Yet if Conan Doyle had stuck more closely to the format a real Watson would likely have used when describing the exploits of a real Holmes, this would hardly have improved the quality of the tales. Many colorful details would have had to be omitted, and the depiction of the Great Detective would have been far more one-dimensional (a real Watson suppressing any unflattering details to maintain his friendship with Holmes). Readers tend to be untroubled by the sometimes very obvious incongruity between the theoretical format and the stories themselves—as when Watson publishes information that according to his own stories should have remained secret indefinitely.
Another well-liked depiction was by actor André Morell in the 1959 film version of The Hound of the Baskervilles. Morell was particularly keen that his portrayal of Watson should be closer to that originally depicted in Conan Doyle's stories, and away from the bumbling stereotype established by Nigel Bruce's interpretation of the role. Other depictions include Donald Houston, who played Watson to John Neville's Holmes in A Study in Terror (1965); a rather belligerent, acerbic Watson portrayed by Colin Blakely in Billy Wilder's The Private Life of Sherlock Holmes (1970), in which Holmes was played by Robert Stephens (who starts the rumor that they are homosexual lovers so women will not chase after him); and James Mason's portrayal in Murder by Decree (1978), with Christopher Plummer as Holmes. Ian Hart portrayed a young, capable and fit Watson twice for BBC Television, once opposite Richard Roxburgh as Holmes (in a 2002 adaptation of The Hound of the Baskervilles) and for a second time opposite Rupert Everett as the Great Detective in the new story Sherlock Holmes and the Case of the Silk Stocking (2004).
In the 1988 parody film Without a Clue, the roles of a bumbling Watson and an extremely competent Holmes are reversed. In the film, Holmes is an invention of Watson played by an alcoholic actor; when Watson initially offered suggestions on how to solve a case to some visiting policemen, he was at the time applying for a post in a reclusive medical practice, and so invented the fictional Holmes to avoid attracting attention to himself, continuing the "lie" of Holmes' existence after he failed to get the post.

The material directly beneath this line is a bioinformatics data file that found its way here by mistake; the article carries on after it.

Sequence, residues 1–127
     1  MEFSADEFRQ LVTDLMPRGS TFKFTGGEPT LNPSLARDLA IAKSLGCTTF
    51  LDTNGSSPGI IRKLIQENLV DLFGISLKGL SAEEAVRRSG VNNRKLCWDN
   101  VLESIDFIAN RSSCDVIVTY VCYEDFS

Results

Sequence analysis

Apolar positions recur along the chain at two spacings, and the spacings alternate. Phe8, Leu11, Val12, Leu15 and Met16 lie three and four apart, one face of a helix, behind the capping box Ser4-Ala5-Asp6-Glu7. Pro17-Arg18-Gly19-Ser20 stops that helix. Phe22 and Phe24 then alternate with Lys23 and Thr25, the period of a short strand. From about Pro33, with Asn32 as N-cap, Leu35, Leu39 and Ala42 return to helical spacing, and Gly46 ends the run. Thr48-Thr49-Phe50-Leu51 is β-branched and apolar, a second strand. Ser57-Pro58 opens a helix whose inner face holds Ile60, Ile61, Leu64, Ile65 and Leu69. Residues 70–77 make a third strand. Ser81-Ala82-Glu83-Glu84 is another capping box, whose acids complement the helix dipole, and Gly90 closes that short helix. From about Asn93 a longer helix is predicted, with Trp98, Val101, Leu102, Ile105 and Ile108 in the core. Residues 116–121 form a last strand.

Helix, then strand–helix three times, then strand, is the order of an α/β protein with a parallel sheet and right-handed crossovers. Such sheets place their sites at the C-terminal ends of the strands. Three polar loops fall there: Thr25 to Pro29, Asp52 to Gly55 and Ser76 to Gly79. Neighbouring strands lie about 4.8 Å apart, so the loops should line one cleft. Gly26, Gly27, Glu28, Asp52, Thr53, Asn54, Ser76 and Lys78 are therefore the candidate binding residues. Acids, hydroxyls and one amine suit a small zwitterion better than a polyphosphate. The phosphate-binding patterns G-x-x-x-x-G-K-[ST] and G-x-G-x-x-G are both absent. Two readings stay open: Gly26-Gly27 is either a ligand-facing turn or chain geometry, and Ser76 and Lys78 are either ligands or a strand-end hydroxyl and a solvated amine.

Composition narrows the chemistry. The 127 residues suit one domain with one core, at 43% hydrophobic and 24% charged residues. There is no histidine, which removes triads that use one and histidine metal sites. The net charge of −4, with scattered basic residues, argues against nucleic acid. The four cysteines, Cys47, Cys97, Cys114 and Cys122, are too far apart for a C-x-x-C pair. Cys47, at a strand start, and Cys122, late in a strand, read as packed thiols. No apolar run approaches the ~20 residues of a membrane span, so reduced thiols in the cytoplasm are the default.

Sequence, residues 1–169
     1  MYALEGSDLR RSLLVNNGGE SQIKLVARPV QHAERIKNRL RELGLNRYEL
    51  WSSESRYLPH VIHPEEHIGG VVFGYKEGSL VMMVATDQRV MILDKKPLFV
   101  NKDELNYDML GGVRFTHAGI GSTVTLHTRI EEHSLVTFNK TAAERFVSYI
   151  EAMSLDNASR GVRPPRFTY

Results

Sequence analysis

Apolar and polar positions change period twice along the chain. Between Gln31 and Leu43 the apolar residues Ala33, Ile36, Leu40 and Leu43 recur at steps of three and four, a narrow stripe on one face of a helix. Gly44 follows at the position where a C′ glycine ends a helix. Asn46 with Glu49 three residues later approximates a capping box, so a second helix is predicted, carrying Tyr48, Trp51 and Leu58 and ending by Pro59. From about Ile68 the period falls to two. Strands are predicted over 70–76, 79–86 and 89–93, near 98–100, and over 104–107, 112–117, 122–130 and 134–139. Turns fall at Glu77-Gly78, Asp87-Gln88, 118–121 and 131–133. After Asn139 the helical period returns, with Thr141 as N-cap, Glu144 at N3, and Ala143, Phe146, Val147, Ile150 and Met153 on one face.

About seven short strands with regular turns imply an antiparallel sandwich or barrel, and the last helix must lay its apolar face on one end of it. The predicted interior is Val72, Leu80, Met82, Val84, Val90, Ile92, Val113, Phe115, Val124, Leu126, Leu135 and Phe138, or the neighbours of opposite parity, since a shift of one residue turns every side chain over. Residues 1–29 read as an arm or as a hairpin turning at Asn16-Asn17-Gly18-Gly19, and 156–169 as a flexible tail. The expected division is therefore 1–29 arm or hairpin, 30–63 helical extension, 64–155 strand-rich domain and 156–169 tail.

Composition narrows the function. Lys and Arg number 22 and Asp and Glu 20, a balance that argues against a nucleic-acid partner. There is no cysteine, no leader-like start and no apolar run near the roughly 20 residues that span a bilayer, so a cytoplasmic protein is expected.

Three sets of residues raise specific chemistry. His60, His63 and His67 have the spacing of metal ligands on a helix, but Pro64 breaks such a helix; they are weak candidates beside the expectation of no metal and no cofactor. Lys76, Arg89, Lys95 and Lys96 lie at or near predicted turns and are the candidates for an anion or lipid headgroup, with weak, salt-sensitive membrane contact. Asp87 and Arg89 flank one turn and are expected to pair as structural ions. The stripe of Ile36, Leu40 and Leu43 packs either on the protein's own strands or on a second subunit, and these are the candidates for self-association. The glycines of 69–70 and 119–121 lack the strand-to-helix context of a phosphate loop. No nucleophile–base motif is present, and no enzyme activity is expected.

Watson was also portrayed by English-born actor Michael Williams for the BBC Radio adaptation of the complete run of the Holmes canon from November 1989 to July 1998. Williams, together with Clive Merrison, who played Holmes, are the only actors who have portrayed the Conan Doyle characters in all the short stories and novels of the canon. Williams' take on Watson was also close to the one depicted in the Conan Doyle stories.
In January 1998, Jim French Productions received the rights from the estate of Dame Jean Conan to produce new radio stories of Holmes and Watson with John Gilbert and Lawrence Albert taking on the roles of the Baker Street duo. The first episode of The Further Adventures of Sherlock Holmes debuted in March of that same year with Albert carrying on the standard set by Michael Williams. His, Albert's, Watson is portrayed as Doyle set him down in the canon and in 2005 when French decided to take on producing Doyle's original stories with John Patrick Lowrie as Holmes, Albert was well able to give the listeners a true depiction of Watson.
In the television series House, the character of Dr. James Wilson is meant to be a direct reference to Watson (with House himself being a direct reference to Holmes). In addition to the similarity of their names, Wilson serves in the show as House's only real friend and confidante, and occasionally assists him in solving particularly difficult cases. (In one episode, House also claims to live in 221b Baker Street.) Also, in keeping with Watson's role as a ladies' man, Wilson has been married several times and had multiple affairs.
However, in later stories, the character Alfred Pennyworth fills the role better, being the Dark Knight's doctor, friend and confident. He also has a British military background where he practiced medicine on the battlefield.